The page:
Monday, September 24, 2007

A 5 year old encounters religion

Z goes to a school owned by a deeply Catholic family, where the walls are adorned with a few icons, but Christianity is not part of the curriculum. Whilemost of the teachers are Catholic, a majority of the children are not Christian. Apart for some Christian stories around Christmas or Easter, his teachers never attempted any religious indoctrination. We chose the school because it's merits greatly outweighed these (and other) negatives.

Around kindergarten was the first time Z mentioned God. I think he suddenly made some type of matter-of-fact comment that God was listening to us, because He is everywhere. It was not easy for him to understand when I told him this was not true. It was the first time he was being told two different things by a teacher and a parent, and had to decide whom to believe.

For a few weeks, he tested the idea. In different contexts, he would ask again whether God was around, of whether he was seeing, or whether he was listening, or some such question. It was as if he was trying to check if my rejection was limited to some particular context... which would allow him to reconcile it with his teacher's assertions.

Apart from repeating each time, I also repeated it as a generalization, and also explained that there was no reason to think God was doing... whatever. In addition, I tried to make clear that I was not ignorant of his teacher's views. I explained that many people have believed in God for a long time, and many people -- like his teacher -- still do.

At 5, kids might appear to reason, but they really accept almost everything on trust. You can tell a 5-year old that you once lived in a house where coca-cola came out of the faucet, and if he trusts you, and if no other adult contradicts you, he will believe you. It is still important to give a child reasons, so that they understand the pattern in which they should approach thought; but, one should also realize that your reasons are not being "understood" in the adult sense. This is why it's important that your kindergartner trusts you completely.

After a few weeks, Z accepted the idea that his parents were right and his teacher was wrong, and it didn't seem to bother him any more. He was left with one final injunction from us. "You're still too young to fully understand this", we told him. "You think we're right and you're believing us, but some adults like your teacher feel very strongly about this, and you should not challenge her about this in class. When you're a bit older, you can tell your teachers that they are wrong."

That little episode at 5 carried him smoothly through the next 4 years. Now, at 9, we had a second episode... but that's a tale for another post.


Blogger johnnycwest said...

Good post - as an objectivist parent of a 15 and 17 year old, I think your approach is a very good one. My kids have attended secular private schools, but their mother's mother is quite religious. They have watched their share of Veggie Tales I believe. I do not live with their mother and haven't for over 9 years. My kids do not profess or discuss religion although I will gently make comments or mock religion at times. They know my beliefs.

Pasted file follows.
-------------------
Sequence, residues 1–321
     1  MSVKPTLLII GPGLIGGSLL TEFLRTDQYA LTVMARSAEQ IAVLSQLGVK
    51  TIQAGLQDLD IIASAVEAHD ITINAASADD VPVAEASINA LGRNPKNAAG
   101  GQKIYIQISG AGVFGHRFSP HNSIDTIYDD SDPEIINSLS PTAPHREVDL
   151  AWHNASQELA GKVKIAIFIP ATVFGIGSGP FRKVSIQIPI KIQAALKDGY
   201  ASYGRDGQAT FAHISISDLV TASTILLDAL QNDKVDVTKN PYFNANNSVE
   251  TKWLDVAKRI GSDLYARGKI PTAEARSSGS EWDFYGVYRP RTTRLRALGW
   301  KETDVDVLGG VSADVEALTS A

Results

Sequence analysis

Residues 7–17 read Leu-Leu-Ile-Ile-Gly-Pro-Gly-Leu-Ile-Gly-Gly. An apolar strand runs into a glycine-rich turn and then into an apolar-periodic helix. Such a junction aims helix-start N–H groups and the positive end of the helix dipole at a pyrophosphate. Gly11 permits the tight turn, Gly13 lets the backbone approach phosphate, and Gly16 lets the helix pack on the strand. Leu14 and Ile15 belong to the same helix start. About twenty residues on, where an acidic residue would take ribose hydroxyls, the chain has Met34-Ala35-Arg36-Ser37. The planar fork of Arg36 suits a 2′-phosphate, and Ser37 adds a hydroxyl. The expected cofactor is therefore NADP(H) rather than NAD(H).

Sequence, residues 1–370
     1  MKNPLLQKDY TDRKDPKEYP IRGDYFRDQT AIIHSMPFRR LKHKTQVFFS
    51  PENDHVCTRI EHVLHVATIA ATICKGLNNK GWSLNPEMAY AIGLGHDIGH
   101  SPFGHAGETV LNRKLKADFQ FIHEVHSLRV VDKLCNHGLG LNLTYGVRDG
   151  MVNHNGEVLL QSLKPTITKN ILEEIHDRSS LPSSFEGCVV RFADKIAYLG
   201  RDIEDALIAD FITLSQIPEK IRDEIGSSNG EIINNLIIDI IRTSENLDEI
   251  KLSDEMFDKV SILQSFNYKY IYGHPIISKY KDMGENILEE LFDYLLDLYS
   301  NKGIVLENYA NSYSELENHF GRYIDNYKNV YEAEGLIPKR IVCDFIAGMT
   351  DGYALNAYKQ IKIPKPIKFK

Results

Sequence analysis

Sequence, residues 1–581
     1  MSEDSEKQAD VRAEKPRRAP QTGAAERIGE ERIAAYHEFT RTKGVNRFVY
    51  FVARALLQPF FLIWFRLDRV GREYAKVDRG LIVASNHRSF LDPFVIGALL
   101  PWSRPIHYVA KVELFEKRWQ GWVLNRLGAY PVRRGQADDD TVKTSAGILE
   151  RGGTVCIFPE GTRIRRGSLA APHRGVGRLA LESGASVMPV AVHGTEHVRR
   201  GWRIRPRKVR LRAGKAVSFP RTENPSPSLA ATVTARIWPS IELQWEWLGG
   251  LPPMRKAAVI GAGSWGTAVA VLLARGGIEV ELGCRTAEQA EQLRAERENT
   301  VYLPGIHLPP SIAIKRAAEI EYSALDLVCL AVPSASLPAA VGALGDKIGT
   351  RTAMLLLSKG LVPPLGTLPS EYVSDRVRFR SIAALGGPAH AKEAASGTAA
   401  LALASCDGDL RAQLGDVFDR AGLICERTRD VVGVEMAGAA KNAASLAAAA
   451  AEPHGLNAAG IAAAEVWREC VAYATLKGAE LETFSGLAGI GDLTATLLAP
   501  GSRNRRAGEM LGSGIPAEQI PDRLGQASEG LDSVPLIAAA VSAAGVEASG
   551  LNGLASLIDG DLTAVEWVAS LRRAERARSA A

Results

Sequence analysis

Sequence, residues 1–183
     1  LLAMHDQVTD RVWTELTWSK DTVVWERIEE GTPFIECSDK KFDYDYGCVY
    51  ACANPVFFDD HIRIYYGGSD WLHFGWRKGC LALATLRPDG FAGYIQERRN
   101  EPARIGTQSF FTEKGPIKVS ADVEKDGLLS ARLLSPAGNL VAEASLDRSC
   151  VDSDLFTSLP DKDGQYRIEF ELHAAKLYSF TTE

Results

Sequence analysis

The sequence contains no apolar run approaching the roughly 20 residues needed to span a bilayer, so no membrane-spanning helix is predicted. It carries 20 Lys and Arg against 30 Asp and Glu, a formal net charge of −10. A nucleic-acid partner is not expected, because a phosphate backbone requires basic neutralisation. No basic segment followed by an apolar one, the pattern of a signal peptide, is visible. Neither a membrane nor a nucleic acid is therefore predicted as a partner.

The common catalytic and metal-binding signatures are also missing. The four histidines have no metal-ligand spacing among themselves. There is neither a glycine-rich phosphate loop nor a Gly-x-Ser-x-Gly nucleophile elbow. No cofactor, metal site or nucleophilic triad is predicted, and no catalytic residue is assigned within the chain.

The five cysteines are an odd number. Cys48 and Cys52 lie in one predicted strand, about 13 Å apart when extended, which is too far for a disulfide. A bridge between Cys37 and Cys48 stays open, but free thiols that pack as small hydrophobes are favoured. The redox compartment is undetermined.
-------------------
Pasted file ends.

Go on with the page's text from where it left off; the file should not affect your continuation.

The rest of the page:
I am wondering how you deal with Santa Claus etc. I know Penn Jillette, the noted magician, atheist, libertarian, and Ayn Rand fan believed that one should not encourage the Santa fantasy in children. He is big on reality - me too, but I have another take on it.

I may be lazier or less confrontational than some, although most people who know me would laugh at the confrontation thing. I believe that the Santa fantasy along with the easter bunny etc is useful and harmless. Kids have some fun with it and when it comes time to find out the truth - "hey society has a number of fantasies - some benign and some dangerous and evil". I think the Santa metaphor is useful. God? another Santa that is lot more dangerous. Move along.

I know some kids are very angry and feel betrayed that their parents "lied" to them about Santa. I never felt that way myself. How are you handling it with your son?

9:47 AM  
Blogger objectivistDad said...

I don't have strong feelings on the Santa issue. We chose not to tell our son that Santa was real. OTOH, I can understand the motivations behind playing along.

Personally, I couldn't bring myself to lie to my son about that, nor about a magician's magic really being magic and things like that. I understand that some folk think that takes a bit of the magic out of it. OTOH, I remember XMas being magical and it being a lot of fun, even when I did not think Santa existed. If you really consider what motivates kids about XMas, the reality or not of Santa doesn't seem to be a big part of it -- but, that may be my personal experience.

I cannot imagine the Santa myth hurting a kid in any significant way. I've known one kid who got upset when she learnt the truth. She had just defended her belief to her friends (based on trusting her parent's version) and they had ridiculed her. Teaching a kid to stand up to ridicule is a good thing, but when one has put them into a situation where they are indeed being ridiculous, then that's not fair. I guess that parents who use the Santa myth should try not to be the last ones (among their age-cohort) to reveal the truth.

There was quite a long discussion about this on

11:01 AM  
Anonymous Kyle Haight said...